Oregon Coast Magazine July/August 2009

Charleston—The Secret’s Out This active fishing village has much to offer visitors. —Gail Elber

Family Vacation—Pacific City Style Pack up the kids and head to this North Coast town for fun with family and friends. —Jeff Sheadel and Tracy Weithas

Oysters! —A cooking class in Lincoln City turns out to be an oyster lover’s dream. —Rosemary Camozzi

Diving on the Coast —Scuba divers love the coastal waters’ rich marine life and unspoiled undersea terrain. —Wendy Ardolino

Why We Love our Hospitals —These “community” hospitals really live up to their name. —Gail Elber, —Theresa Hart, —Barton Howe, —Angelia Moor, and —Vickie S. Higgins

Jellyfish Jubilee —Food, fun, and more at the Oregon Coast Aquarium. —Theresa Hart

Crabs, Whales & Ocean Tales —A cruise with Marine Discovery Tours brings excitement and learning to passengers of all ages. —Rosemary Camozzi

PelicansBrown Pelicans —After a drastic fall in numbers, this ungainly bird with the huge pouchhas made a dramatic comeback. —Jack Davis

Marine Metropolises —Take a good look at what’s living on pilings and under docks. It might surprise you! —Joanne Huemoeller

Estuary Fishing —A Different World Fishing opportunities abound in Oregon’s estuaries. —Jeff Jackson

Art & Beauty in Wind, Water, and Sand —Even an inexpensive digital camera will capture Mother Nature’s amazing array of designs and patterns. —Cliff Harvey


On the cover

Shore Acres State Park, on the South Coast near Charleston, by Alicia Spooner


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Summer has arrived on the coast, and we’ve been enjoying it to the fullest. Some of us even have sunburns to prove it, which seems nearly impossible when you consider our cool climate. But we’ve had lots of sunny days already this year.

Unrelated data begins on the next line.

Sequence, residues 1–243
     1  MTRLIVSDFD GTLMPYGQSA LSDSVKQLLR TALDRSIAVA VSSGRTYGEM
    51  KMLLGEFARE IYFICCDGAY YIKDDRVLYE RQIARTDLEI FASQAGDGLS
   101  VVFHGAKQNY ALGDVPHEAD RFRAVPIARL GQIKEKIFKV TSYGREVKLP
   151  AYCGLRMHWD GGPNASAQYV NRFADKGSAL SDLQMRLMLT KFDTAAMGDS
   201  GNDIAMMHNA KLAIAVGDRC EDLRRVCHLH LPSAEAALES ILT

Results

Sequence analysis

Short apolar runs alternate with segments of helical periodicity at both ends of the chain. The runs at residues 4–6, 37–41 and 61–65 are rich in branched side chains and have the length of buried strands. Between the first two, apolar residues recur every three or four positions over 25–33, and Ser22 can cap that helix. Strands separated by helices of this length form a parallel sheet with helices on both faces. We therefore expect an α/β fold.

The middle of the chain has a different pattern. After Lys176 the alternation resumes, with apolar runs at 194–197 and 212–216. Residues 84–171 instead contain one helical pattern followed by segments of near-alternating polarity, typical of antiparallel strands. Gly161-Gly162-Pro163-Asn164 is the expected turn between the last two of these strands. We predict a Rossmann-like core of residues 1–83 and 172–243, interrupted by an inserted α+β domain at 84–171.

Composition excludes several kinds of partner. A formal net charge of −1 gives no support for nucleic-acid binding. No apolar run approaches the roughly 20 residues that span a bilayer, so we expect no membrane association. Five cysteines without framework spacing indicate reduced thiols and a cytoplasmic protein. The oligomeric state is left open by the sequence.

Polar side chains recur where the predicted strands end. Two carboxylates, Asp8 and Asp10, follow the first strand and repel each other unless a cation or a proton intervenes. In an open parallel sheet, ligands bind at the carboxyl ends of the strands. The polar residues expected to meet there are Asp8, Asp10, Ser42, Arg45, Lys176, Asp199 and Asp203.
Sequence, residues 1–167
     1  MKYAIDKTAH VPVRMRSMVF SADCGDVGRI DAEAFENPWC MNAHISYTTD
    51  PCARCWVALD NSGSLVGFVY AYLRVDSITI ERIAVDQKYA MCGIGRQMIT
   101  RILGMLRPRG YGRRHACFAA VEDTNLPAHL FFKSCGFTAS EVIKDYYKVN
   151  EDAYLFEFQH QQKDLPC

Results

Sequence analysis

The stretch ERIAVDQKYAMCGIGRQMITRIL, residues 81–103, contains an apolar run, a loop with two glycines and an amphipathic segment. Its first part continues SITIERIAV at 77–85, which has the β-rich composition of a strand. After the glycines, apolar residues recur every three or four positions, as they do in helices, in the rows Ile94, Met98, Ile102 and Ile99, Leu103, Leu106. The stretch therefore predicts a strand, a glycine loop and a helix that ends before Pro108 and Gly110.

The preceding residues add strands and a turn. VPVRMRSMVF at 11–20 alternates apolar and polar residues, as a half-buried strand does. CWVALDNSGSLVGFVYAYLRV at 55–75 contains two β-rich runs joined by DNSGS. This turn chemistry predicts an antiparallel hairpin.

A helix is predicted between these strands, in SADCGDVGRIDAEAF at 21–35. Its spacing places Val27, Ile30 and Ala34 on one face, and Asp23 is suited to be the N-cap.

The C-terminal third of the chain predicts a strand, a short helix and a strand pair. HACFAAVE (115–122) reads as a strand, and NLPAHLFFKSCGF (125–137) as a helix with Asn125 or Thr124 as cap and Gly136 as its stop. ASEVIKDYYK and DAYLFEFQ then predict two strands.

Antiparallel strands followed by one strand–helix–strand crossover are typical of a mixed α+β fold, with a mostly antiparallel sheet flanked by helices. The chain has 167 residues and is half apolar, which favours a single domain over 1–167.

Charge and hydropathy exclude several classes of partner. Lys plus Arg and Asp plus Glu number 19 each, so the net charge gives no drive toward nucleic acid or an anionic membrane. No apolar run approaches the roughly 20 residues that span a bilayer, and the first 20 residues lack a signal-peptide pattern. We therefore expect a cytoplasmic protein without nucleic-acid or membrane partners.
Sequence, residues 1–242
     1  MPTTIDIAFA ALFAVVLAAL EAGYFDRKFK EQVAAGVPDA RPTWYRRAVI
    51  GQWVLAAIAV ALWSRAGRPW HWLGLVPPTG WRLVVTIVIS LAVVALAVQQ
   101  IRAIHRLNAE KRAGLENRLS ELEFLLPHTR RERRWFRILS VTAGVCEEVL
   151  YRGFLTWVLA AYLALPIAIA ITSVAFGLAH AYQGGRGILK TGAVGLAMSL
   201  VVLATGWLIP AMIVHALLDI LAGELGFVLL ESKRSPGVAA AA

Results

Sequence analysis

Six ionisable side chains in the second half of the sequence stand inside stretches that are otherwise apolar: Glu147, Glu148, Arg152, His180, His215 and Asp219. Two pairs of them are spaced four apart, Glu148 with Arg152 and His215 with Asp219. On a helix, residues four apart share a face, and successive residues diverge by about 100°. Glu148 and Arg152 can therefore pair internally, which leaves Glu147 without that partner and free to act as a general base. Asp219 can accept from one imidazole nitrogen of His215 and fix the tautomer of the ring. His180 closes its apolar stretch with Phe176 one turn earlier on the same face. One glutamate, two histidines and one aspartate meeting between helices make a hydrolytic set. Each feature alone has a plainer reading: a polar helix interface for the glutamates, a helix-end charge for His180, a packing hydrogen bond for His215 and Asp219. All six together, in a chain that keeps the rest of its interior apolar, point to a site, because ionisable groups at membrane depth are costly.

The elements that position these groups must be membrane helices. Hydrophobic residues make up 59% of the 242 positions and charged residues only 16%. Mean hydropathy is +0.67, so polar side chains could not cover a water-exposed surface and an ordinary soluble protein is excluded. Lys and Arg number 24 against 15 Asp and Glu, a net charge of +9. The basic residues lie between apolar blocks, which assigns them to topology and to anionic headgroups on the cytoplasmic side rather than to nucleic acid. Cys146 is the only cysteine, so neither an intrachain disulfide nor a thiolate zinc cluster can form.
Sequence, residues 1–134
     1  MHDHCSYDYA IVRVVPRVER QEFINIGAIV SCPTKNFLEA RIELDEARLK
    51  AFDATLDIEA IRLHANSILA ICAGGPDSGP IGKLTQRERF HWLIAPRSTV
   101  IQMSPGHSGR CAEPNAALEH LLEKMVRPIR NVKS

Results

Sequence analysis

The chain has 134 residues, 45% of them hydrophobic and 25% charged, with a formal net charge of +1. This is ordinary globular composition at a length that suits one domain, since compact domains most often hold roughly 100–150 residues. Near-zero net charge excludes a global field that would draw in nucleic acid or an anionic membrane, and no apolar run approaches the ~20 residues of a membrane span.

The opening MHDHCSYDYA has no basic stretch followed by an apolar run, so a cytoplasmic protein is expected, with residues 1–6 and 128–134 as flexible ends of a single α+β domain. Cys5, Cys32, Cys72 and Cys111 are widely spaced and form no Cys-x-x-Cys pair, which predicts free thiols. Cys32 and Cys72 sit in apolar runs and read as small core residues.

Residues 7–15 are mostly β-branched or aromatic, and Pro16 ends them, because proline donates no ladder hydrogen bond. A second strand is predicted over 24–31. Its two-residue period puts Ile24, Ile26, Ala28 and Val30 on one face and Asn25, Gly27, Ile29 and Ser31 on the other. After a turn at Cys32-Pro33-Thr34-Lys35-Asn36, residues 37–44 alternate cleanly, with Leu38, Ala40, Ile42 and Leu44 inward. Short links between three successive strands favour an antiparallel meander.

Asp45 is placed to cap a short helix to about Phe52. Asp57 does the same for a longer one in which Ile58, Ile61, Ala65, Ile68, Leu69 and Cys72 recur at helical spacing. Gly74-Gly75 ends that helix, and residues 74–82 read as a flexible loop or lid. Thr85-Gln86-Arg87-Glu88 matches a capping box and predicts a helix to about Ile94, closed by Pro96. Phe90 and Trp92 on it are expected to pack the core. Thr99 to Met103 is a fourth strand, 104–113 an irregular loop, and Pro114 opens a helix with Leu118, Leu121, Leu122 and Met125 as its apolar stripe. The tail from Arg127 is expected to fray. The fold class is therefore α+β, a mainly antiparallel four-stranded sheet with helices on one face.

I’ve been out on some kid-centered adventures lately, and I’m always struck by what an amazing natural playground we live in. Honeyman Park, just south of Florence, is a great example of how you can have a whole afternoon of fun for $3 per carload. Cleawox Lake (located inside the park) has a sandy beach where kids can safely frolic and wade. Kayaks, canoes, and paddleboats are available for rent. On the other side of the lake, massive but easily accessible dunes are there for climbing, sandboarding, or running down and plunging into the water. Editor Emily Kolkemo and I spent an afternoon there with three kids and after we went paddleboating, they kept busy observing—and helping contain—a collection of newts that other kids had captured and put into a sandcastle pool. (Just for the record, we made sure they let them go afterwards.)

I also went on a great trip with Marine Discovery Tours out of Newport. Passengers ranging from infants to grandfathers were entertained, educated, and enthralled by the sea and its creatures, and the onboard naturalist added dimension to our experience. My story about the trip is in this issue.
We also have a story on the fishing village of Charleston, my favorite place for fresh-off-the-boat seafood. I’ve been known to drive for an hour just to enjoy an oyster sandwich at the Sea Basket, located at the boat basin. Charleston is also the gateway to a number of beautiful parks, and while it’s off the beaten track of Highway 101, this area is well worth a visit.

And speaking of oysters, I attended a wonderful class at the Culinary Center in Lincoln City. Chefs Rob Pounding of the Blackfish Café and Sharon Wiest of the Culinary Center showed us how to make oyster-everything, from an oyster and fennel chowder to a Vietnamese rice noodle salad with fried oysters on top. The classes there are fun and informative, and the view from the classroom is phenomenal.

There are many more stories to enjoy in this issue, including one on inexpensive family vacations in Pacific City and another on hikes in the Oregon Dunes National Recreation Area. Enjoy your summer, and don’t forget your sunscreen when you come to the coast.

—Rosemary Howe Camozzi



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